There's no concrete plan on display, but they seem to grasp which previous programs have been unsuccessful, and which necessary programs were cut. A return of the Community Access Programs would be very welcome, if that's on the table, and $125 billion is a massive pot of money to pull from.
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The NDP is supposed to be the party of the people—Tom Mulcair grew up with a very big family, didn't you know?—but their campaign has so far shown little regard for the issue of Canada's digital divide.
Although Mulcair did discuss rural broadband as a priority during a talk in Iqaluit last year, the only time the NDP has even mentioned Canada's digital divide during the campaign is on their official platform, which was released last week. In it, they list four priorities: - Move to close the digital divide and expand rural broadband access across the country.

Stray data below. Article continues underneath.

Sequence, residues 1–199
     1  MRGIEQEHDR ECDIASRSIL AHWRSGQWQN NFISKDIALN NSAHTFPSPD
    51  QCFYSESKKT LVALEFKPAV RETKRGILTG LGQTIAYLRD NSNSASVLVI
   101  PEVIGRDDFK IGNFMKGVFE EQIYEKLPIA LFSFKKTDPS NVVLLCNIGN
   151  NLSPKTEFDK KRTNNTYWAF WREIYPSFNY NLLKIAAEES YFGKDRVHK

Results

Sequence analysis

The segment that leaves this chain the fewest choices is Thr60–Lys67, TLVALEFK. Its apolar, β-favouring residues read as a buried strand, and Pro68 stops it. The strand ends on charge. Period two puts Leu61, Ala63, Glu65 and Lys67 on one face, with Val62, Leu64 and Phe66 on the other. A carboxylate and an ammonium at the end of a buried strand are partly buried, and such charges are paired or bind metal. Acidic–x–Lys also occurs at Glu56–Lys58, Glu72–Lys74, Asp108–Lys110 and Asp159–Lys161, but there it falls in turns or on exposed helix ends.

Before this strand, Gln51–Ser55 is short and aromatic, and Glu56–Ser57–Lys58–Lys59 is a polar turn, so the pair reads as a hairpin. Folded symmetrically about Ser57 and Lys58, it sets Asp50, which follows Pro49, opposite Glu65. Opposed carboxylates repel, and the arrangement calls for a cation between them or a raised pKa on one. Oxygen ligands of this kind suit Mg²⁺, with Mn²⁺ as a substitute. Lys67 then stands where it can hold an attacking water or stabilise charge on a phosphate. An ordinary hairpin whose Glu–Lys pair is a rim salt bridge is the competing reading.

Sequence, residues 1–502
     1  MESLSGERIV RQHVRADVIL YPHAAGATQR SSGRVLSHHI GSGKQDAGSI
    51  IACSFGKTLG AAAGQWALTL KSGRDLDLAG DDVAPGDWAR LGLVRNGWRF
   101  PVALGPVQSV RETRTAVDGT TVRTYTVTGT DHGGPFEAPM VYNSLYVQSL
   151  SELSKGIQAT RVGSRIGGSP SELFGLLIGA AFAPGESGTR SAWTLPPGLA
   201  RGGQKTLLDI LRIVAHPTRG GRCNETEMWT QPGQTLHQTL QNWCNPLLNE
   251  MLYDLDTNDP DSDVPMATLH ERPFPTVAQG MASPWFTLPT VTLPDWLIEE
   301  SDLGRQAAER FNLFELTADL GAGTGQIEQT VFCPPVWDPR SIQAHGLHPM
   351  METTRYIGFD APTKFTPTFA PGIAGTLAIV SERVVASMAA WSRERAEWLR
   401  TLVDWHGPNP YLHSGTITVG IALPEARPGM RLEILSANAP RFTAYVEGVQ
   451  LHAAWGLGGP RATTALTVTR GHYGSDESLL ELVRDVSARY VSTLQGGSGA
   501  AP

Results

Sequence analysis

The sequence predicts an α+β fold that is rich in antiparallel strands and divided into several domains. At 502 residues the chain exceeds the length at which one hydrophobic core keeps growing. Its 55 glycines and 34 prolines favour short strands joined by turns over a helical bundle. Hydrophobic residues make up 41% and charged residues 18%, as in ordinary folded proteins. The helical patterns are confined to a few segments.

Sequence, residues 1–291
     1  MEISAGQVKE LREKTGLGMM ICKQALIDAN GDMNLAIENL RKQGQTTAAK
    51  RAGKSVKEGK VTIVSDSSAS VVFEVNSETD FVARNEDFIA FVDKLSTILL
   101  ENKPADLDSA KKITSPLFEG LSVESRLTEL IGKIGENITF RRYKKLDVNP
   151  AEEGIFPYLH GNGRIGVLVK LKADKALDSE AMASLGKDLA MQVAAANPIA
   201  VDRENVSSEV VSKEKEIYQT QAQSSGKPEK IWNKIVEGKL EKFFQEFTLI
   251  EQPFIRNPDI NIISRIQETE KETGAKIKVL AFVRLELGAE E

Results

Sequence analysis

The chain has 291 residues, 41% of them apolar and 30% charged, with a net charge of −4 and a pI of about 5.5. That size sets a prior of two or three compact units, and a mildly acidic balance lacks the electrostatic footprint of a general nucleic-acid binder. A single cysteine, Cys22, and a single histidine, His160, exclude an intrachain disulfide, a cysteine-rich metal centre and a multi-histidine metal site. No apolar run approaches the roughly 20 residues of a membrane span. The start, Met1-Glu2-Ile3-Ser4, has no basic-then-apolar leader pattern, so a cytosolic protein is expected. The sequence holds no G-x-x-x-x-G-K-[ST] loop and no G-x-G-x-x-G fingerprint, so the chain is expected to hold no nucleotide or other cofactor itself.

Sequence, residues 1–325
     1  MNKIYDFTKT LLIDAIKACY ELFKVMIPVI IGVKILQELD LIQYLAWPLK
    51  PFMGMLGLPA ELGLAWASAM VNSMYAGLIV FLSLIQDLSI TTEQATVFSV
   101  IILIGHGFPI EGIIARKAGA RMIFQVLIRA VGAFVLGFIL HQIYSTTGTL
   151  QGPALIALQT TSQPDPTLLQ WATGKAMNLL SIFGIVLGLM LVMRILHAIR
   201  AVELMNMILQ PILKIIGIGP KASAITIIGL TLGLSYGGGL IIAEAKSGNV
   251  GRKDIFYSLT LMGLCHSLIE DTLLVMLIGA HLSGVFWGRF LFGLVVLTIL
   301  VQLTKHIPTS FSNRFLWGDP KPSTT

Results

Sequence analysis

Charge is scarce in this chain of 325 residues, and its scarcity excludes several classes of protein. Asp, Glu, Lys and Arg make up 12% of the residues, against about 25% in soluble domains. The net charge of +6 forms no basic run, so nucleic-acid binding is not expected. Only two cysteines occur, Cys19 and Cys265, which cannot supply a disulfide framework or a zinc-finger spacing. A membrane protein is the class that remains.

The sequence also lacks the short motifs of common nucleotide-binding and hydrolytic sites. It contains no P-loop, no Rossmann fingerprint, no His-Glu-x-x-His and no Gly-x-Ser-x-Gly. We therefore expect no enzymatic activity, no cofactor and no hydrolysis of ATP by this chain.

- Look to support the development of the next generation of high-speed Internet to support our high tech sector.
- Move to create a more open and transparent government by working with developers, academics and engaged citizens to use government data to solve problems and improve services for all Canadians.
- Continue to be committed to net neutrality.
Read that, and then read it again. Can you tell what the NDP is saying? No? It's probably because they're saying nothing at all. No numbers, no targets, nothing except vague promises to connect Canadians. This is unfortunate, because years of failure on the part of the Harper administration on an issue important to rural Canadians would make a perfect opportunity for the NDP to get some wind back in their sails in the final week before election day.